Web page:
Putin claims Ukrainians and Russians are “one people” and should therefore be united. In other words, Putin means Russia should swallow up Ukraine, but that naturally would mean Ukraine and its people would perish. Putin’s claim is synonymous with Beijing’s demand that Uyghurs be assimilated into the Han population.
Zelensky’s steadfast refusal to give in has attracted widespread sympathy and support. And yet the Free World has hesitated to implement direct military intervention, with NATO having so far refused to designate the skies over Ukraine as a “no-fly zone.” With the US taking the lead, former East European nations that joined NATO following the collapse of the Soviet Union are rushing to provide military equipment to Ukraine. In mid-February, the world’s largest cargo plane, Antonov 225, departed from Amari Air Base in Estonia fully loaded with guns and bombs for Ukraine. But the aircraft was later destroyed together with its hangar on February 24 in a pitched battle for Hostomel Airport near Kyiv.
A week after the Russian invasion began on February 24, 17,000 anti-tank guns and missiles were delivered to Ukraine from the US and NATO via Romania. A US Army cyber force has also embarked on an operation to inflict damage on the communication systems of the Russian Army.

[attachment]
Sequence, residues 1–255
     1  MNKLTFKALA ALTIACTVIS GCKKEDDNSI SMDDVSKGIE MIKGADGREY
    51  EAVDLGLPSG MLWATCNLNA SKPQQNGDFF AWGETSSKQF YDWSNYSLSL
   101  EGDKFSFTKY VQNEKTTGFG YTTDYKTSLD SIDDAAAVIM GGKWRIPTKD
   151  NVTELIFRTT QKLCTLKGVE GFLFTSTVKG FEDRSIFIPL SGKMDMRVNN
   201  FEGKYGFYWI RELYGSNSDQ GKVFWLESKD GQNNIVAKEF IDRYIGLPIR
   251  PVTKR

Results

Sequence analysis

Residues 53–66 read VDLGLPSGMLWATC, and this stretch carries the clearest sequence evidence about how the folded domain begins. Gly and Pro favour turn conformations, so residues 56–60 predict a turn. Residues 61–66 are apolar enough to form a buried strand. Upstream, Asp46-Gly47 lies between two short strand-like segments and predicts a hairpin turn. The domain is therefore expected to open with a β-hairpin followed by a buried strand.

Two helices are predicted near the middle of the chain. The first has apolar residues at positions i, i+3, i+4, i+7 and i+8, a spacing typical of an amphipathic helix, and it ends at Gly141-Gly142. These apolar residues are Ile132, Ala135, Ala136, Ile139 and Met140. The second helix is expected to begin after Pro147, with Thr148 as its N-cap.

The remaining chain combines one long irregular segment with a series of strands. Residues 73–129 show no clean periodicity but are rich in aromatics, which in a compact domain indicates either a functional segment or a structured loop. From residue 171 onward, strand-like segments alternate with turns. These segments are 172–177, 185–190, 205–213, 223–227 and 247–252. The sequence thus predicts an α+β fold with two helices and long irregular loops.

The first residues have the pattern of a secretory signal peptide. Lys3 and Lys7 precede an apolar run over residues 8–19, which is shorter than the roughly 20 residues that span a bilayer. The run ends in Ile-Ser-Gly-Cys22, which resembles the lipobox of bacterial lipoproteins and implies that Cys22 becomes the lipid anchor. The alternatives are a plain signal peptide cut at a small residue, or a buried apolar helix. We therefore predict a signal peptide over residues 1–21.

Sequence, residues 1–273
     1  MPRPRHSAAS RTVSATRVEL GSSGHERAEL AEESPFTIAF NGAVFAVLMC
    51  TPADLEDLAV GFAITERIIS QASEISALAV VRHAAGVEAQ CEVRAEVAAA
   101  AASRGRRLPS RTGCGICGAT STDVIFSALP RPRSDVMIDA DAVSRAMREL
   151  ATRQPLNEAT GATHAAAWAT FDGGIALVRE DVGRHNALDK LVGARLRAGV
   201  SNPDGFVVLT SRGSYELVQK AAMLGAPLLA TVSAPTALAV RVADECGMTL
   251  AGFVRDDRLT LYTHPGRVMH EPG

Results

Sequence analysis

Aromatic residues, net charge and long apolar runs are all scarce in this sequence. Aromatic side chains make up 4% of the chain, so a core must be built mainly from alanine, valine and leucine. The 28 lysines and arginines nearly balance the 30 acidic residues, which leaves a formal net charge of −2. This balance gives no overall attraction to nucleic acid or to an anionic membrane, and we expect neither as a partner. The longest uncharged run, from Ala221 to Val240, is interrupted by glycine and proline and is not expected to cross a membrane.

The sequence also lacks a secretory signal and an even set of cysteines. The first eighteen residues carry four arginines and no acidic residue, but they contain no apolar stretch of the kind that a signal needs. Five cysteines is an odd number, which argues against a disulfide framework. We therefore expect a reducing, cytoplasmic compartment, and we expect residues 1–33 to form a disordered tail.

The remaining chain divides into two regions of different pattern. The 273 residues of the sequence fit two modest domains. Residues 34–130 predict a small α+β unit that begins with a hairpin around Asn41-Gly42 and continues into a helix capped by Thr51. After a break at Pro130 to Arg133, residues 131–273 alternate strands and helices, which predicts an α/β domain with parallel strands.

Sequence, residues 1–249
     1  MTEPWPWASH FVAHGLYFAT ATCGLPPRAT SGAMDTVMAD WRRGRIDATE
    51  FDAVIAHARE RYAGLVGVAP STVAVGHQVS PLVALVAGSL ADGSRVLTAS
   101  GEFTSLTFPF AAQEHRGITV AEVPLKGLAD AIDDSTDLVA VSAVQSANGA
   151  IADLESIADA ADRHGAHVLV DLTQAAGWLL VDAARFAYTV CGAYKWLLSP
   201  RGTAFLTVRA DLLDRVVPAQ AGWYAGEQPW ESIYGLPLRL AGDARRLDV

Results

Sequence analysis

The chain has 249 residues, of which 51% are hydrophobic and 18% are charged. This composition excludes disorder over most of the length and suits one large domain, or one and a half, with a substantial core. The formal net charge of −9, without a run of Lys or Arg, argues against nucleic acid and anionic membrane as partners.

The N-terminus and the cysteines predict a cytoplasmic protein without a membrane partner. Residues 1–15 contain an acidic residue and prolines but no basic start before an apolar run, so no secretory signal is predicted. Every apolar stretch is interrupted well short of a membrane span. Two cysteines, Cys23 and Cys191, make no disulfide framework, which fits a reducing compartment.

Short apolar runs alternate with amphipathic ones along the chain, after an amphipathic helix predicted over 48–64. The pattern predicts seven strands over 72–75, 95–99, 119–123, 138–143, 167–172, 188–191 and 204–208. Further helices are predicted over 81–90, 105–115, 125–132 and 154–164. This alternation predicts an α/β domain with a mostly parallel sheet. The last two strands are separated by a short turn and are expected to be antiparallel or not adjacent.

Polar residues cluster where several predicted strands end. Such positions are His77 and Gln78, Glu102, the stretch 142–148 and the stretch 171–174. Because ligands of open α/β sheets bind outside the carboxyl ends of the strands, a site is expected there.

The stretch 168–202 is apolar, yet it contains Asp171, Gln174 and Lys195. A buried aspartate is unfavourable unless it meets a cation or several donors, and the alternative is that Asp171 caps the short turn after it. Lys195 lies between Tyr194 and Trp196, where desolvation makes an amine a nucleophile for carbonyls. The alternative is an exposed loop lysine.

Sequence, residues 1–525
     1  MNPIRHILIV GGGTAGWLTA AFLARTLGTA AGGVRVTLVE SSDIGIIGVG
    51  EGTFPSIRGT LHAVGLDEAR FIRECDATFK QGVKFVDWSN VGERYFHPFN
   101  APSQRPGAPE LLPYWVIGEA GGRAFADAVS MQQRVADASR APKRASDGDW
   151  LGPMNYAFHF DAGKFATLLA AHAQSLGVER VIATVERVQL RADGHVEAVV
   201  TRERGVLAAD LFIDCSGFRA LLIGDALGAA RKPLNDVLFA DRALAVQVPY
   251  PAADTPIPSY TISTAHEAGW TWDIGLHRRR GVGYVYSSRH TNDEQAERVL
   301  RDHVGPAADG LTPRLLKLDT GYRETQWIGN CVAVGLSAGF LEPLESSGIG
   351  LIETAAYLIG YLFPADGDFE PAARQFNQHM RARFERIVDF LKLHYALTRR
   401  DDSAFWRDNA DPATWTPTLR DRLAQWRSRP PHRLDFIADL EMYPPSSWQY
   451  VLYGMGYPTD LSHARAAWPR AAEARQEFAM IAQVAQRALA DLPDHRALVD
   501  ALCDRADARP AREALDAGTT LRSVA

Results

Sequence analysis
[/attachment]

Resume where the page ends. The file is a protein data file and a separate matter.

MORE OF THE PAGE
As of this writing, the US is also asking Poland to give Ukraine its used Mig-29s, which Ukrainian pilots know how to fly. The US plans to offer F-16s to Poland to replace the Migs. Although the Polish government denies any knowledge of the deal, US Secretary of State Antony Blinken said the US was “working actively” with Poland to supply jets to fight invading Russian planes. I think it safe to assume negotiations are underway between the two governments.
In this deal one also gets a glimpse of the harsh reality of geopolitics. The F-16s Washington is offering were originally meant for shipment to Taiwan. What will happen to the defense of Taiwan, which is being targeted by China? In the meantime, the Polish government is understandably afraid of possible retaliations by Russia. Each nation is extending assistance to Ukraine very prudently under extremely complicated circumstances, careful not to give Putin a pretext for a counterattack. But ultimately, the precarious state of Ukraine, which has to fight this war out on its own, remains unchanged.